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Charges Are Filed Against 2 in Tigers' Deaths

Animal rescuers face 63 counts in the discovery of 90 carcasses and other starving exotic cats at their Glen Avon home.

May 21, 2003|Lance Pugmire | Times Staff Writer

Prosecutors on Tuesday filed 63 charges against animal rescuer John Weinhart and his partner, Marla Smith, less than a month after authorities found 90 dead tigers at their home in Glen Avon.

"To me, the evidence speaks for itself in this one," said Paul Dickerson, the Riverside County deputy district attorney who will prosecute Weinhart and Smith.

Weinhart and Smith are charged with 17 felonies, including child endangerment for allegedly exposing their 8-year-old son to such unsafe conditions as two alligators in a bathtub, feces-riddled floors and the presence of full-grown tigers in their yard.

When county authorities raided the home April 22, they turned the boy over to social workers.

County and family officials would not say Tuesday who is caring for the child.

Weinhart and Smith, who run the Tiger Rescue sanctuary for exotic felines in Colton, denied any wrongdoing through a spokesman.

"People flapping their gums about things they know nothing about," said Tiger Rescue spokesman Steve Jeffries.

Weinhart and Smith could each be sentenced to up to 16 years in prison if convicted, Dickerson said.

The 16 felonies for animal cruelty were not based on the discovery of the dead tigers, including 58 cubs stuffed into freezers, or other tiger remains found in the yard, Dickerson said. Rather, the charges were based on the conditions of the living animals found on the premises: two grown tigers who were later euthanized, two burros, a goat and nine tiger cubs and two leopard cubs found in an attic.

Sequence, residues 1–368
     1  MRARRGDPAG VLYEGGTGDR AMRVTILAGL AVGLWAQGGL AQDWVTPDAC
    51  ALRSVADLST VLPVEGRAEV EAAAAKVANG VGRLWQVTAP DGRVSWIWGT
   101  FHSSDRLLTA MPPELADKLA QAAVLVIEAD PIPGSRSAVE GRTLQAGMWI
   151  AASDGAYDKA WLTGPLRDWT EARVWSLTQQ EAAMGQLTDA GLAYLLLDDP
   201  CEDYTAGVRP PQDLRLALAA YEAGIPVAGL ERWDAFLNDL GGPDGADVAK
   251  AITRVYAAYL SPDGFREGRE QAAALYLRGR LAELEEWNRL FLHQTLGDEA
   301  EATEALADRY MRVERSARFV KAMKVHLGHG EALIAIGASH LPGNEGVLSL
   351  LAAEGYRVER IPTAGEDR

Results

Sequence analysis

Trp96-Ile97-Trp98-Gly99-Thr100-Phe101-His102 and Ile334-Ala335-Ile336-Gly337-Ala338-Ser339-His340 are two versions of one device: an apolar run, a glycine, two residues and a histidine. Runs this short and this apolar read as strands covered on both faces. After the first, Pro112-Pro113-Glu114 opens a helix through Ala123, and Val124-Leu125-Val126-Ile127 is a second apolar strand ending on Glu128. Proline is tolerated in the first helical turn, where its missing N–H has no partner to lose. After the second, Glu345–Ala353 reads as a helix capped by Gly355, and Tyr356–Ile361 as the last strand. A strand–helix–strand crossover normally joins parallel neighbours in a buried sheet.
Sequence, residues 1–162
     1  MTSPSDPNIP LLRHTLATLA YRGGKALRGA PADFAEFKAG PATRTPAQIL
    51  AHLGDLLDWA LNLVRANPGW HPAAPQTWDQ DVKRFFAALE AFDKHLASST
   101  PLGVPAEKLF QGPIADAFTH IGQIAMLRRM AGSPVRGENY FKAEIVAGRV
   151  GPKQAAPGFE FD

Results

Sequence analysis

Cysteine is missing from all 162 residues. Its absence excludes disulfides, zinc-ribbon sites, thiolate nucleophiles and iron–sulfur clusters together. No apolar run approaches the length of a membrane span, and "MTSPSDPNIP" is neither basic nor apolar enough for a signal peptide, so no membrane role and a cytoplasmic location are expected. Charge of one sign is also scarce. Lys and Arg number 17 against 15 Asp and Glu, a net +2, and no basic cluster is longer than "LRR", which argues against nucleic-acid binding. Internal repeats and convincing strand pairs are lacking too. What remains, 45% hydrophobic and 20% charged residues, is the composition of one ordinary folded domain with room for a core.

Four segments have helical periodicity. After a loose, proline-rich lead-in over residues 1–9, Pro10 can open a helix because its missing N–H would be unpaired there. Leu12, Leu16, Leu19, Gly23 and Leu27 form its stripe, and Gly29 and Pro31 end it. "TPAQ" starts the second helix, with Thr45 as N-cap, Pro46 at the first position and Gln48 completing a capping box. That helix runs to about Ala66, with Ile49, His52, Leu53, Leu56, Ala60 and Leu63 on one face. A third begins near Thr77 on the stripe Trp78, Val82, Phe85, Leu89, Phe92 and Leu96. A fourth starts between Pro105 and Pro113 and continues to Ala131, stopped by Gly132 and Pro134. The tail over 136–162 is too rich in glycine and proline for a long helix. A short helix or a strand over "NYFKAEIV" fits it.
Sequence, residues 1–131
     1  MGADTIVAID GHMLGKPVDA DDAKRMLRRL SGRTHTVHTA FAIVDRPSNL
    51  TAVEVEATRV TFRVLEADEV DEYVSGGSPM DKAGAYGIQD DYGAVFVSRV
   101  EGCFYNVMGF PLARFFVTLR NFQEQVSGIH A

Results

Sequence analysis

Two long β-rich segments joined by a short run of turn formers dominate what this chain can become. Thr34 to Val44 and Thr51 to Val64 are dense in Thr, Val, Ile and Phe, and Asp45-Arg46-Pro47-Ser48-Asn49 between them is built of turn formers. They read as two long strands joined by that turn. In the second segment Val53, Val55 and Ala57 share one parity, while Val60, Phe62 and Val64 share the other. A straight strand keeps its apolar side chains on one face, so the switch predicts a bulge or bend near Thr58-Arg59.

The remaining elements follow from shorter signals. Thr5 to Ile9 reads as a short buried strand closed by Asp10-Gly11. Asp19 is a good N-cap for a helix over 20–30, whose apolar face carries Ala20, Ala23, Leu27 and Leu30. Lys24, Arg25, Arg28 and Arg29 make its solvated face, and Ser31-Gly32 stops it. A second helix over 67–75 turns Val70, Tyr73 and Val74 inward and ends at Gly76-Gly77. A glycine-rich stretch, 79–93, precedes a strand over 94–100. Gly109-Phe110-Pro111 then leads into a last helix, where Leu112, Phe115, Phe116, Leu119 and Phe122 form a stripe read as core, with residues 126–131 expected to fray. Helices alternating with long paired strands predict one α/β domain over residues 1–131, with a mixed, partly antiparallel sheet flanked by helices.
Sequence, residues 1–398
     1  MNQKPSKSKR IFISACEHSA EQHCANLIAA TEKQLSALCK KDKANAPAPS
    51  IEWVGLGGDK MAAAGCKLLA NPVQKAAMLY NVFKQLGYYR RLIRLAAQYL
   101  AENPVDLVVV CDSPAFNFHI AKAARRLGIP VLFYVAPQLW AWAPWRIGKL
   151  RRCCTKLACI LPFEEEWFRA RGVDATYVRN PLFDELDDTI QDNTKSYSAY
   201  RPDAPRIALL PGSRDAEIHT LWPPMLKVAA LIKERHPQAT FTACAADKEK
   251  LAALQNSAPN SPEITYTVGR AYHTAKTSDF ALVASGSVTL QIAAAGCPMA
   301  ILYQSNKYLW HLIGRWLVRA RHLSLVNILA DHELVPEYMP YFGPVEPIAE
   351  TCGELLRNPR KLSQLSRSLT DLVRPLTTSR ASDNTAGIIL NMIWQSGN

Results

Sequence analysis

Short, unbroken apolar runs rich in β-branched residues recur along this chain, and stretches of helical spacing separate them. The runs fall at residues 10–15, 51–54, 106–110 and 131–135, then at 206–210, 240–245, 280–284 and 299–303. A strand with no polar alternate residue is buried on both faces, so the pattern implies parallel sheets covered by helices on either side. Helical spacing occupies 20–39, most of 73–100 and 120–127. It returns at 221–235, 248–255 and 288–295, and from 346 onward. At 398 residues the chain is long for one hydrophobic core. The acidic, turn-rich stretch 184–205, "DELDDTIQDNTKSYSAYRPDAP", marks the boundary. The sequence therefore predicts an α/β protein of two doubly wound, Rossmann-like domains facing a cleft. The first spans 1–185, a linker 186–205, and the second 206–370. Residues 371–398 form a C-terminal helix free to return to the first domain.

Difficulties in estimating when the frozen tiger cubs had died led investigators to focus their charges on the conditions of those animals found alive, a district attorney source said.

Weinhart also faces 14 misdemeanor charges in San Bernardino County for neglecting animals at Tiger Rescue.

Jeffries, the Tiger Rescue spokesman, said Weinhart is only trying to help the animals, many of which come from the circus and entertainment industries. "That's not animal cruelty," Jeffries said. "The worst they can do to us is give us some citations.... We feel like we're being railroaded. For 40 years, no one had a problem with how John cared for his animals. Now, in a three-month span, he's cruel and malicious? It doesn't make sense."

Dickerson said he did not file charges against Wendelin Rae Ringel Moore, a veterinarian who was arrested at the Glen Avon home along with Weinhart and Smith. Dickerson said there was no evidence Ringel Moore was responsible for the animals' care.

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